Iron-nickel alloys are low thermal expansion alloys with a very low expansion rate at room temperature. These materials have found use in modern applications that require joining of metal to glass or ceramics and in areas that demand the same thermal expansion rates for materials to be joined in order to prevent associated problems within the joint area.
The coefficient of thermal expansion of nickel and iron is more or less the same. Nevertheless, adding nickel to iron can result in an alloy with a reduced coefficient of thermal expansion by an order of magnitude.
These characteristics make them suitable for use in a myriad of applications, including medical, electronics, aerospace engineering, telecommunications, and cryogenic components.
Alloy 36 (UNS K93601/ASTM F1684)
Alloy 36 is popular under several trade names, including Nilo 36 and Invar. The 36% nickel-iron alloy demonstrates a near-zero rate of thermal expansion, which is roughly one-tenth of the expansion rate of carbon steels at a temperature range of -100 °C to 200 °C. Besides exhibiting a very low coefficient of linear thermal expansion over a broad range of temperatures of up to 200 °C, the alloy retains superior toughness and strength at cryogenic temperatures. This characteristic makes it ideal for much different low expansion or low-temperature applications.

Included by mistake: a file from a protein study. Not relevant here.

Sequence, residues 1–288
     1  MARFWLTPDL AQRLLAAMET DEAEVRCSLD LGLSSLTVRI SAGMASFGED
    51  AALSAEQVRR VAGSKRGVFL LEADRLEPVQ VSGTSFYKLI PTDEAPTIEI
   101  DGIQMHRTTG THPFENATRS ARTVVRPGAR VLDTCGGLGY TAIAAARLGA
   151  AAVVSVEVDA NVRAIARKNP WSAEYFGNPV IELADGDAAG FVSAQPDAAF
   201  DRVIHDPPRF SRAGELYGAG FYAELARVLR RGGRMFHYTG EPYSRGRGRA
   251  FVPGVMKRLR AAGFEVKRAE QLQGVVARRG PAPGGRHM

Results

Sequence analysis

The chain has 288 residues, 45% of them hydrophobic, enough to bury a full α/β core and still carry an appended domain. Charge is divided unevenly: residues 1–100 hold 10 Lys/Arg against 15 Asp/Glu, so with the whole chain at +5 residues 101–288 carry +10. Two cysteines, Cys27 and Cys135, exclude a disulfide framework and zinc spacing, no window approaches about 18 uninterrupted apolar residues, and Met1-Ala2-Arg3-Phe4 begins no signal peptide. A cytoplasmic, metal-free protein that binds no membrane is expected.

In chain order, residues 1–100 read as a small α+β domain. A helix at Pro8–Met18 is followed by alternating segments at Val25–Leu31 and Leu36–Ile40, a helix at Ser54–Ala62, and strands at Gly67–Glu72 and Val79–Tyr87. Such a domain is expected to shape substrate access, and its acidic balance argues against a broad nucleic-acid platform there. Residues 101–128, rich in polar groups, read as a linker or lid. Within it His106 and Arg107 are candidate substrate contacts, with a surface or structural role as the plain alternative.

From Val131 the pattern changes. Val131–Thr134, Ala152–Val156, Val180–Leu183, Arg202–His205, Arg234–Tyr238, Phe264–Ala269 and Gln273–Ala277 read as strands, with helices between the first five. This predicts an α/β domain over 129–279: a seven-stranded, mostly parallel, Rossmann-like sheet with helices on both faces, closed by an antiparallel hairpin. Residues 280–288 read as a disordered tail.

Properties of Alloy 36
The following are the typical physical properties of Alloy 36:
|Coefficient of thermal expansion at 30-150 °C:
|Young's modulus (MPa):
Applications of Alloy 36
The low expansion characteristics of Alloy 36 make it suitable for applications that demand very minimal dimensional changes under temperature variations, such as radio and electronic devices; structural members in precision equipment such as cryogenic instrumentation, thermostats, measuring devices and lasers; and tooling for aerospace composites.
Alloy 36 has also found use in applications where it is used in combination with a high expansion material to make a mechanical movement with respect to temperature changes, such as thermo-mechanical control and switchgear devices.
This information has been sourced, reviewed and adapted from materials provided by Columbia Metals.
For more information on this source, please visit Columbia Metals.